While forces in the Middle East gather behind a line drawn in sand, the church will draw the line with tears.
On November 19, in Paris, 34 member nations of NATO and the Warsaw Pact signed the European Security Agreement. After more than 40 years of East-West confrontation, the danger of the Cold War seems finally to have given way to peace.
By contrast, that same day in the Persian Gulf region, war came a giant step closer. Saddam Hussein matched George Bush’s military escalation with his own announcement that he would now send another quarter-million troops to the Saudi Arabian border. Though we pray it never happens, at press time war seems imminent.
As the President struggles to make clear his case for direct action, most Americans agree Iraqi aggression must be resisted. For the U.S. and its allies to have the power to restore justice and not to do so may actually be immoral, which is why we sympathize with our President when he draws the line against Iraqi aggression. But the tremendous cost of human life that comes with war should lead us, as Francis Schaeffer suggested, to “draw the line only with tears.” As Christians, we need to urge caution against chauvinistic nationalism and ethnocentric pride. We must guard against the seductive euphoria of war, especially techno-war in a faraway place against a people we don’t understand very well. But beyond that, what is our message to the church? And from the church to the world?
First, we must acknowledge that two major wars and hundreds of regional conflicts have not improved human nature. Individuals and nations remain locked in the iron grip of sin with all of its cruelty. The next war may protect territorial interests, but only the redeeming and transforming power of Christ will change hearts on both sides of the battle front.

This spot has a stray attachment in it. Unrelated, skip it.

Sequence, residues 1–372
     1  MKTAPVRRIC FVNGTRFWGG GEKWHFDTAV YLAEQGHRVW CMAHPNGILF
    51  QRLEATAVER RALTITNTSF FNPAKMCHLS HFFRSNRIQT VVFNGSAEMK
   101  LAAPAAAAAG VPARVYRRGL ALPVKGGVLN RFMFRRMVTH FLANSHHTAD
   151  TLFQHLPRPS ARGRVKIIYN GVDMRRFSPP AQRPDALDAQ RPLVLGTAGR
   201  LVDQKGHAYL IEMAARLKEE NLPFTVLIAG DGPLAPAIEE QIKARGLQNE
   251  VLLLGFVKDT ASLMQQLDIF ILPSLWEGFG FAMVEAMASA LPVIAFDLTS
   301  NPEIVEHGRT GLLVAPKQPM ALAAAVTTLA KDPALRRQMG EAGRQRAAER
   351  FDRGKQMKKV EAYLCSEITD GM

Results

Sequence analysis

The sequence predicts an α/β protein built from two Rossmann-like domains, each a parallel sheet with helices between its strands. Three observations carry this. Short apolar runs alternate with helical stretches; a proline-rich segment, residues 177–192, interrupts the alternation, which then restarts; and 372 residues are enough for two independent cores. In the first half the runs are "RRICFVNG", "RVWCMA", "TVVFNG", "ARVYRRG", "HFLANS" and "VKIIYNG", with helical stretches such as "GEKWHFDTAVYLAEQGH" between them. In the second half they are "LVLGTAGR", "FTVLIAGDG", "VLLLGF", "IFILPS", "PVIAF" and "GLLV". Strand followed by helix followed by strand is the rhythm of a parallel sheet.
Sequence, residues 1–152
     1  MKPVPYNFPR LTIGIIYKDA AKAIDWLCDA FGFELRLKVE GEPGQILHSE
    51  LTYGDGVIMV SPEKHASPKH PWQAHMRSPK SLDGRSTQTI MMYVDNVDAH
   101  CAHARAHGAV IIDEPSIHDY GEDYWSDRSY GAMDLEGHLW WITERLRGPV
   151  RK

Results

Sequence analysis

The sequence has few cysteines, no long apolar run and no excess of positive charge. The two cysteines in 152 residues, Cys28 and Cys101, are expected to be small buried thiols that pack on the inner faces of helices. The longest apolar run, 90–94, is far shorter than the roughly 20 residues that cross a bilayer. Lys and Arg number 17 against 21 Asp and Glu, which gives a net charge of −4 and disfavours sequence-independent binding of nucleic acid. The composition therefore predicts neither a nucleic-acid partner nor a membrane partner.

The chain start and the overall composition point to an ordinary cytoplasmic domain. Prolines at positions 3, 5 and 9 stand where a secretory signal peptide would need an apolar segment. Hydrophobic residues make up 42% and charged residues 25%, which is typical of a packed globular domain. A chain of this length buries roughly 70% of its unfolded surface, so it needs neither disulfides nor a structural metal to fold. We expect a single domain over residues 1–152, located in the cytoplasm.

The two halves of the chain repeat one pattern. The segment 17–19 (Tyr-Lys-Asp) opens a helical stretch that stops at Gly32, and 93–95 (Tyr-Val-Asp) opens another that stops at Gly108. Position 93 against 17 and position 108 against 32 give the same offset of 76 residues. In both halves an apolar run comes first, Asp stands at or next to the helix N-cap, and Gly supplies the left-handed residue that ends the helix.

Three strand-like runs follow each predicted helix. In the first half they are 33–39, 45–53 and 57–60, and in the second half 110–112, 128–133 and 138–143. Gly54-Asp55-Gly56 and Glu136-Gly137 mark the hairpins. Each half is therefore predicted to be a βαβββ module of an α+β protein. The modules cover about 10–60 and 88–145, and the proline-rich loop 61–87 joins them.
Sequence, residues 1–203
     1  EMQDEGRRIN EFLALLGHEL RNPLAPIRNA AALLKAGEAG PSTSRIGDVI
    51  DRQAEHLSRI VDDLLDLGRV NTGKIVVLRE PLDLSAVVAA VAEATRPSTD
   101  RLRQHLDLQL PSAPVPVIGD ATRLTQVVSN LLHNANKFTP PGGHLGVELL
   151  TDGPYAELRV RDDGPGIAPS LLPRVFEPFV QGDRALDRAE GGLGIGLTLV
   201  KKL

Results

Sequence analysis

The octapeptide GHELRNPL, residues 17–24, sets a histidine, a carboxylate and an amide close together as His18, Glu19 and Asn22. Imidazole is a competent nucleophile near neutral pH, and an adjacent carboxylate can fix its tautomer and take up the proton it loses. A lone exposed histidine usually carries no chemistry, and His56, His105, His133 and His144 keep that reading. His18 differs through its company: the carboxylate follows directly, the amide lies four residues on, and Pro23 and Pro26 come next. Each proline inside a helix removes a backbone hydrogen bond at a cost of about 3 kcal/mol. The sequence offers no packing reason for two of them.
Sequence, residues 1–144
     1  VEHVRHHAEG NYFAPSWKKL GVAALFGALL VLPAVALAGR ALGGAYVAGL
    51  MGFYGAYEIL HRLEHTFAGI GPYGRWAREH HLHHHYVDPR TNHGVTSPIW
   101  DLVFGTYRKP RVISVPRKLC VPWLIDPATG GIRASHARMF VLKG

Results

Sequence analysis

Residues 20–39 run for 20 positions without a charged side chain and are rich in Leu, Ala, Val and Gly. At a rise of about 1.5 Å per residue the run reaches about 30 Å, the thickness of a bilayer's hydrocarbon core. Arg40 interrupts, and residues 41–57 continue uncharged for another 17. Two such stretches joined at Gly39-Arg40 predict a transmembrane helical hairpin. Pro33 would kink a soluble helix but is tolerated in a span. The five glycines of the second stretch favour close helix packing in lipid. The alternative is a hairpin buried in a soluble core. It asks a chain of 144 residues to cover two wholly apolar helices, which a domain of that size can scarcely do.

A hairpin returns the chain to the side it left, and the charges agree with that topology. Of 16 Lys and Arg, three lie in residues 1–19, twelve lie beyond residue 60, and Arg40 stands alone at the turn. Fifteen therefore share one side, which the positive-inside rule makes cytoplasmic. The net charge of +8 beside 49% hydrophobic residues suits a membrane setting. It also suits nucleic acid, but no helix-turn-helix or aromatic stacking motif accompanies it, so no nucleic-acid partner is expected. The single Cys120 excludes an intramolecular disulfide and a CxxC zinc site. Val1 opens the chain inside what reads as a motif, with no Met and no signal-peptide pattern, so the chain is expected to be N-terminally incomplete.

Second, we must recognize that God is sovereign; his purposes ultimately prevail. His demands are mercy and justice and faithfulness to him. It is righteousness alone that exalts and preserves a nation, not military strength. Even as we are comforted that God expresses his love and mercy through his sovereign might, we must strengthen our resolve to live as he demands.
Third, we must be careful about attaching undue eschatological significance to this crisis (Matt. 24:6–7). However, to live expecting our Lord’s return—whether we are at peace or war—is our reassuring privilege and inescapable obligation.
Fourth, we must exercise responsible citizenship. Profound moral and political judgments do not come easily; as we work toward settled convictions of our own about U.S. involvement in the Persian Gulf, we should participate in the public debate and the political process with humility, gentleness, and grace. Regardless of our views, our troops deserve respect and support. They serve because their leaders and their country have called them. We dare not inflict the lasting damage on these military men and women that we did on their counterparts in Vietnam. As we pray for their safety we must be prepared to suffer with those who suffer, and grieve with those who grieve.
Finally, we must call the church to prayer. It is in such times of testing and crisis that the church has often been its most effective in expressing the will and character of God. If the tanks rumble and the rockets fire, Christians everywhere ought to “pray without ceasing” for our leaders, for the safety of our troops, even for the enemy (Jesus died for Saddam, too).
War tears our souls; victory is often hollow. That is when the church’s weapons of love, compassion, service, and prayer—bathed in tears—are needed most.
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